This is a true historical account of an amazing event, not related in the textbooks of modern histories of war. These good men, enemies in battle, that you will read about below were not politicians or high officers, but the common soldiers facing death in an evil war they were forced to be fodder for. They sang across the lines, and over the lines; they sang of Bethlehem and the peace of Christ. The author of this inspiring article, Thomas Craughwell, didn’t mention a detail I had read in another account of this Christmas truce, namely, that the French soldiers who did observe the truce exchanged holy cards of Saint Thèrése with the Germans. The Little Flower was already popular in all of Europe before her canonization in 1925, her cause being introduced by Saint Pius X just before his death in 1914. In fact, she was extremely popular, devotion to her spreading like wildfire, as she herself implicitly prophesied regarding her greater work to come from heaven (see here). Christmas on the front in 1914 was a break from hell on earth. Grace rained down from heaven (Rorate Caeli de super et nubes pluant justum) into the cold and muddy trenches. Many soldiers, who were soon to die, may owe their salvation to this period of grace. Tears of repentance surely ran down many cheeks. Silent Night, Holy Night, all is calm … for awhile … all is bright, for awhile.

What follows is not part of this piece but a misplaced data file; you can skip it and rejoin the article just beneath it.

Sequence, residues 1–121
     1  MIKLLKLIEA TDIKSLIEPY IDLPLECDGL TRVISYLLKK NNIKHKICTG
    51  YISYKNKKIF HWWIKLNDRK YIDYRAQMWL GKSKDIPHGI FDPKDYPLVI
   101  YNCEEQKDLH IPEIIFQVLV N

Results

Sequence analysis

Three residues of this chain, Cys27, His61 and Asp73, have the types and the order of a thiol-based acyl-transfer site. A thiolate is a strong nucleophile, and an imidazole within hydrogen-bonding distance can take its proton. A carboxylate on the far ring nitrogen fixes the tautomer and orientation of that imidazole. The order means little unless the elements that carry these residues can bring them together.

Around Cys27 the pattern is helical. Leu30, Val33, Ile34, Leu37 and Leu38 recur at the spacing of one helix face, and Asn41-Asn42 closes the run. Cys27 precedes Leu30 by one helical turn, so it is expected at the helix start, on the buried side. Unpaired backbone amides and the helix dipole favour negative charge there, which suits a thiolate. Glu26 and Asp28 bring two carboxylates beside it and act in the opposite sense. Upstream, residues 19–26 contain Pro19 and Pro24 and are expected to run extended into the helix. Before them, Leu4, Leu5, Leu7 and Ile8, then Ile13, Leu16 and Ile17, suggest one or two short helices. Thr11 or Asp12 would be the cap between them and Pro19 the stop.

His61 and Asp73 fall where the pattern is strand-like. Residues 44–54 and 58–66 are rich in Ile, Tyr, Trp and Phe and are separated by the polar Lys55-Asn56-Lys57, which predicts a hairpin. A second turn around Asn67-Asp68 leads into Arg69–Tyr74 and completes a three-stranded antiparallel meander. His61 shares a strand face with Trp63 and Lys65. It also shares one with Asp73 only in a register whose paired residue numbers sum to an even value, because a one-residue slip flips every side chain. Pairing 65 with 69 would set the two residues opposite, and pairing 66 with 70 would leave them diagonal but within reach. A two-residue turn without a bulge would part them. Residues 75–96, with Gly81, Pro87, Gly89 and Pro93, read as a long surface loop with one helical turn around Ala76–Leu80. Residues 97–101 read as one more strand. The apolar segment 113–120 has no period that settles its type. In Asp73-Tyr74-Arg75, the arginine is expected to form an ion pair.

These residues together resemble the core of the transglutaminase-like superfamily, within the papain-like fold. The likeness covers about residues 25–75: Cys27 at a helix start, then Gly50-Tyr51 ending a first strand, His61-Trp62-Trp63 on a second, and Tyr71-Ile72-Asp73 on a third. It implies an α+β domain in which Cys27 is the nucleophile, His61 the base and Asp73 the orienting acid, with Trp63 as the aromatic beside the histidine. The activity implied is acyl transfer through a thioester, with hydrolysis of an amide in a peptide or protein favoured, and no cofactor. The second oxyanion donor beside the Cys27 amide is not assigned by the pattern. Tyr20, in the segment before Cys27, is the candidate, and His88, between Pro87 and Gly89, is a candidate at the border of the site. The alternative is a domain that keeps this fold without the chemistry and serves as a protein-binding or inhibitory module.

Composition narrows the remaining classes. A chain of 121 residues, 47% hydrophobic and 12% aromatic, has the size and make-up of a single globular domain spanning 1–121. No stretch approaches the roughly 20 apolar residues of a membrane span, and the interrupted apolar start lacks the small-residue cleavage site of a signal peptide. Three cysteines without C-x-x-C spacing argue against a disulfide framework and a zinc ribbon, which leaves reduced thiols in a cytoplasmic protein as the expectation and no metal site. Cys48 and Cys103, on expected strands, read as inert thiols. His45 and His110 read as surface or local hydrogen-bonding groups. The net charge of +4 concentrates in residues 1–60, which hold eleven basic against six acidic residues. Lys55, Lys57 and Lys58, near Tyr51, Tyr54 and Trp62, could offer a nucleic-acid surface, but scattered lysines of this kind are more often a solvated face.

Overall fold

National Catholic Register, Thomas J. Craughwell: On Christmas Eve 1914, Belgium’s cold was even colder in the wet and the mud of the trenches along the Flanders front. Capt. Charles Stockwell of the Fifth Welsh Fusiliers was pulling his coat tighter around him in a futile effort to get warm when he heard, floating across “No Man’s Land,” the Christmas carol Stille Nacht (Silent Night). Cautiously, he peered over the parapet of the trench, and he saw, about 100 yards away, the German trenches lit up with the soft glow of candlelight. Full article is here.